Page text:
However, uniforms have  some advantages, too. A Middle School is full of teenagers, or people becoming teenagers, and this journey from child to adolescent to adult is fast paced and full of change. People try to find out who they are and who they want to be, and part of this experimental process is displayed in clothing. Finding a style normally starts with copying someone else, whether it be a peer or a celebrity. In Middle School, it’s all about fitting in or sticking out. The kids who choose the former copy one another, until a widespread stylistic norm has been established. At Germantown Friends School, there is space and acceptance for these kinds of norms. In the beginning, this is fine, until the norms reach an extent where if you are not in the norm, you are abnormal, and outcast. For example, if everyone was wearing ivy league college sweaters and someone wore a sweater from a high school or obscure college, they might be looked down on by some peers. If everyone wore similar clothing, these status gaining brands and clothing types would be annihilated.

It is clear that although there are one or two flaws in the current and somewhat indulgent Germantown Friends School dress code, there is more than one answer as to what to do with the issue of student dress. So, with many teachers struggling to compensate for the social needs we obtain through dress, it must therefore be up to the student body, at GFS and any other school with no strict dress code, to use our very own code in the way it was meant to be. And with all due respect, please, let’s all come to school in more than just our shoes.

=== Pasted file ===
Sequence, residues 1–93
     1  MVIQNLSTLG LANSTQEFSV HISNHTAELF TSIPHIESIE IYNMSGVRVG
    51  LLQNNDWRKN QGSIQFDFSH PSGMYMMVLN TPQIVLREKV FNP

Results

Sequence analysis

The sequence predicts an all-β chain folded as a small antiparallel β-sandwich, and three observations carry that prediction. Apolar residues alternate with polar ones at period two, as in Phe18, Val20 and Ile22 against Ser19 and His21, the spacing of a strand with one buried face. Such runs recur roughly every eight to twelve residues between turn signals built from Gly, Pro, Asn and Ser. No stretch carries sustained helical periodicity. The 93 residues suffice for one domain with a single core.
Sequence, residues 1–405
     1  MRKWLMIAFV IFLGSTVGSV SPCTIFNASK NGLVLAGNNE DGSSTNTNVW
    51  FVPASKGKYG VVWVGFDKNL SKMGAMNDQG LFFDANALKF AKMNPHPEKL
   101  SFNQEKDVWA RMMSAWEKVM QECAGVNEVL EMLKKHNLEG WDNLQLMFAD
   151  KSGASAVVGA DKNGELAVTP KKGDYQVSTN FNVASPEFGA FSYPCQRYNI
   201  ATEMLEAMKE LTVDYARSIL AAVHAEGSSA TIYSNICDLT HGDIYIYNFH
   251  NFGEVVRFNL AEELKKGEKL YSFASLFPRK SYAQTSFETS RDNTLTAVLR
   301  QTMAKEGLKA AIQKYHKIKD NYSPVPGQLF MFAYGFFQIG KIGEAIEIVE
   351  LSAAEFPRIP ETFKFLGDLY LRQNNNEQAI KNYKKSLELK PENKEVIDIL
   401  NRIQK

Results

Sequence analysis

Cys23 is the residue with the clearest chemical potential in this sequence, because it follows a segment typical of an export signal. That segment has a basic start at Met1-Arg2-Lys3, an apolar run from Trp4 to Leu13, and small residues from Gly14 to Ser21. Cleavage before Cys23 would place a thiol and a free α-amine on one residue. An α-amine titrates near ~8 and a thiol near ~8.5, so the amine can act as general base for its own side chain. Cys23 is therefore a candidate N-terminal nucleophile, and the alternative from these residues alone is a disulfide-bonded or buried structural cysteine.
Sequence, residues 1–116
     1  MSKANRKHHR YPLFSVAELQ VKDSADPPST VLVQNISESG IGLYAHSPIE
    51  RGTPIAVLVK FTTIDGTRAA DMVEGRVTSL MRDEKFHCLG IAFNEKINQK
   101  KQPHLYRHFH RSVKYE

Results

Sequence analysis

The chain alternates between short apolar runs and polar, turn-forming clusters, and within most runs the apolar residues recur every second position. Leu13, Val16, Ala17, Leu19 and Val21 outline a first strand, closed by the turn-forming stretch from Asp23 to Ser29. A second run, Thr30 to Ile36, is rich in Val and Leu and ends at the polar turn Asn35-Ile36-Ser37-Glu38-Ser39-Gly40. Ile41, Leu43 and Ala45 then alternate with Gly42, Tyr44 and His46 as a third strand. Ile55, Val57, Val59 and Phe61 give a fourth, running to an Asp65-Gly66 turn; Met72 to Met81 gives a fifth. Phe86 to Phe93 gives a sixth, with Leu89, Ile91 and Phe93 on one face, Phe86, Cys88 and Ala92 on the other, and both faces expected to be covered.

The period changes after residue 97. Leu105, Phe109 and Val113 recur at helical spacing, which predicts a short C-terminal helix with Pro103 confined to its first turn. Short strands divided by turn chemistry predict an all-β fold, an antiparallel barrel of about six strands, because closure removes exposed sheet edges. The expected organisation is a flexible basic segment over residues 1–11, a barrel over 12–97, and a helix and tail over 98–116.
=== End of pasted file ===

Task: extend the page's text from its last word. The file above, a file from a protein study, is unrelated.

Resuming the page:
~ The Corner Editorial Board 2011-12

Editorial: Bang Head Here

The weekend is here again, it’s time to unwind. It’s more than just a few days off, it’s a state of mind.” -The Weekend Guy

6th, 7th and 8th graders all have homework. Most of the time, they have it every night. They also have it on weekends. The subject of homework on weekends has sometimes been a problem because it interferes with the other activities that happen during the student’s two days off. Often teachers assign more homework on weekends because of the increased time the students will have to work on it. However, this is not true in every case. Many students play sports outside of school which can be very time consuming, with out -of -town tournaments and games, etc. Other kids may be preoccupied with dancing, singing, acting or other artistic interests. When a teacher assigns more homework to a student over the weekend, it may increase the anxiety level that the student feels during his or her days of rest. Some teachers take this into account, only assigning work that will be easy to spread out of the two days or not overwhelming to do in one night. The overall point trying to be made here is that weekends can be used in many different ways, doing homework being only one of them.